I have good reason to think that Job would be terribly jealous of all of us who stand on the other side of the Cross.

Having lost all of his earthly comforts, including his family, his health and his possessions, his friends have added insult to injury in their poor, yet understandable attempts to comfort him. By chapter 23, we have a man who is not only suffering unimaginably but who is also suffering alone, as even his closest friends are far from understanding his heart.  In his heart felt plea below, we hear a man is desperate for the presence of the God whom he knows would understand.

Then Job answered and said, “Today also my complaint is bitter; my hand is heavy on account of my groaning. Oh, that I knew where I might find him, that I might come even to his seat! I would lay my case before him and fill my mouth with arguments, I would know what he would answer me and understand what he would say to me…Behold, I go forward, but he isn’t there, and backward, but I do not perceive him; and on the left hand when is working, I do not behold him; he turns to the right hand, but I do not see him.”  Job 23: 1-5 & 8-9.

What Job Didn’t Know

In this monologue of understandable moaning, we hear a man expressing his frustration at what he does not know. In an earnest anguish, he lets us and his friends in one all he does not know.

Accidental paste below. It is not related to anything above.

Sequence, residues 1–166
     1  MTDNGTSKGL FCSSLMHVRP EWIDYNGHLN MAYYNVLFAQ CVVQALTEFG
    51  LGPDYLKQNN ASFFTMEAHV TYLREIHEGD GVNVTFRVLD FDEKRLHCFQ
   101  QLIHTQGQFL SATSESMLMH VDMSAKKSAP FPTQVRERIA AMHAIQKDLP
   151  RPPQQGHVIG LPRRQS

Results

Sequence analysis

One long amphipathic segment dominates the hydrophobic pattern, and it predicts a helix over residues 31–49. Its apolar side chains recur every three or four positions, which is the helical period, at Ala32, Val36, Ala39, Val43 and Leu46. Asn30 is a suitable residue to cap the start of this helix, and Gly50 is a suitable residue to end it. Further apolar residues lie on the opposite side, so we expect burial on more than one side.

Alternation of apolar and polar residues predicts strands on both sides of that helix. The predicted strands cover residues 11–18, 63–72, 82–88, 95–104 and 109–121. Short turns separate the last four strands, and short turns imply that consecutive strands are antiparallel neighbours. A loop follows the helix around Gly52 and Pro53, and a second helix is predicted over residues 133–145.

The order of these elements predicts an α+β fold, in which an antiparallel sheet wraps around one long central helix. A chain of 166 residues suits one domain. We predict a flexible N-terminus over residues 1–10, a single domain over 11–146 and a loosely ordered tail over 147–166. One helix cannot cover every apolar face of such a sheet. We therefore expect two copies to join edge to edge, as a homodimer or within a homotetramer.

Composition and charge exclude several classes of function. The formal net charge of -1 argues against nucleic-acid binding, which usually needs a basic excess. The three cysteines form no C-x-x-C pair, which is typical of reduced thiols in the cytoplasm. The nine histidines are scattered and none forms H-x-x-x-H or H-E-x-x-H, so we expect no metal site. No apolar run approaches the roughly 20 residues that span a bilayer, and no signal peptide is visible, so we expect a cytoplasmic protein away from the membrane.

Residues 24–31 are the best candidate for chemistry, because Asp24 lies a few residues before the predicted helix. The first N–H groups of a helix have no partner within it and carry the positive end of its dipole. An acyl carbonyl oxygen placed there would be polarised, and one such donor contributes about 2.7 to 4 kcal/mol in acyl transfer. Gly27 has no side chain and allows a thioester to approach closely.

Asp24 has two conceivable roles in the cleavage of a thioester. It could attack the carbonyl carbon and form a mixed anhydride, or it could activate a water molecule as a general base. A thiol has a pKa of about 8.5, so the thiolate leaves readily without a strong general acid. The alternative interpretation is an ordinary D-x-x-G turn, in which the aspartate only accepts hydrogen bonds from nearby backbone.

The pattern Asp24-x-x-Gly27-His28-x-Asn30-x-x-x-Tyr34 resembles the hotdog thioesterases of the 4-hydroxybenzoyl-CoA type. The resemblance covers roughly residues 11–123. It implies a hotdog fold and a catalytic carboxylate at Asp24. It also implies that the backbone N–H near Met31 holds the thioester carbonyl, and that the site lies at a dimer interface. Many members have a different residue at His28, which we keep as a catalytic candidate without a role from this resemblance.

He does not know where to go to plead his case. He cannot find the courtroom where He instinctively knew He would be received and judged fairly and acquitted. In fact, an even deeper concern is that he cannot even catch a slight glimpse of this Judge He knows and trusts despite his circumstances. He essentially says, “I have searched the globe and my soul in every cardinal direction, North, South, East and West, but I cannot grab a hold of him; I cannot even see Him vaguely.”

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Underneath this desperate and deliberate searching, there lies in the troubled and isolated Job a remaining though deeply shaken faith in the goodness and faithfulness of God.

What Job Knew Vaguely

 “Would he contend with me in the greatness of his power?  No, he would pay attention to me. There an upright man could argue with him, and I would be acquitted forever by my judge…But he knows the way I take; when he has tried me, I shall come out as gold.” Job 23:6-7 & 10.  

Job’s deep though vague knowledge of the character of God should shock us. After all, he lived early on in the redemptive process. He lived in a time where capricious pagan deities ruled the prevailing doctrine of the day,  dancing and doing as they pleased. Even among God’s people, the revealing of God’s character was early in its development.

Yet, somehow, Job vaguely but deeply knew that God was the kind of Judge who would use His great power to protect him and plead his case. Even more than that, despite all he did not know (which was much), Job knew that God knew exactly what was happening and had a great purpose in all of it, even if it was not discernible or palatable to his limited human mind. In all he did not know about God or His ways, Job took immense comfort in the fact that God knew and saw him and his ways completely and compassionately.